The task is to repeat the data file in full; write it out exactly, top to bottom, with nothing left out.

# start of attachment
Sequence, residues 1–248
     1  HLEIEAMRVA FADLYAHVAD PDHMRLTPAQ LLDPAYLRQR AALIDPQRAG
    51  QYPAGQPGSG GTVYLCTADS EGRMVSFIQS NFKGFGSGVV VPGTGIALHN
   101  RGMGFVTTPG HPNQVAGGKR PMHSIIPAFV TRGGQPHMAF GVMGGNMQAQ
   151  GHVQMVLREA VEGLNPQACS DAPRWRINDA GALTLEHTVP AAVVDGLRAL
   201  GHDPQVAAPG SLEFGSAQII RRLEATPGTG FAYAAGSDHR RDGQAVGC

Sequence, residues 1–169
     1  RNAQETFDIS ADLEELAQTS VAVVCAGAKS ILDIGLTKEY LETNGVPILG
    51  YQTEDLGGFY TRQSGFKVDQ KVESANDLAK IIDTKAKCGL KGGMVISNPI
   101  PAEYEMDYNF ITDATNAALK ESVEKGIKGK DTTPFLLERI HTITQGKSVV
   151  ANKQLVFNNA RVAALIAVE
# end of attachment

Sequence, residues 1–248
     1  HLEIEAMRVA FADLYAHVAD PDHMRLTPAQ LLDPAYLRQR AALIDPQRAG
    51  QYPAGQPGSG GTVYLCTADS EGRMVSFIQS NFKGFGSGVV VPGTGIALHN
   101  RGMGFVTTPG HPNQVAGGKR PMHSIIPAFV TRGGQPHMAF GVMGGNMQAQ
   151  GHVQMVLREA VEGLNPQACS DAPRWRINDA GALTLEHTVP AAVVDGLRAL
   201  GHDPQVAAPG SLEFGSAQII RRLEATPGTG FAYAAGSDHR RDGQAVGC

Sequence, residues 1–169
     1  RNAQETFDIS ADLEELAQTS VAVVCAGAKS ILDIGLTKEY LETNGVPILG
    51  YQTEDLGGFY TRQSGFKVDQ KVESANDLAK IIDTKAKCGL KGGMVISNPI
   101  PAEYEMDYNF ITDATNAALK ESVEKGIKGK DTTPFLLERI HTITQGKSVV
   151  ANKQLVFNNA RVAALIAVE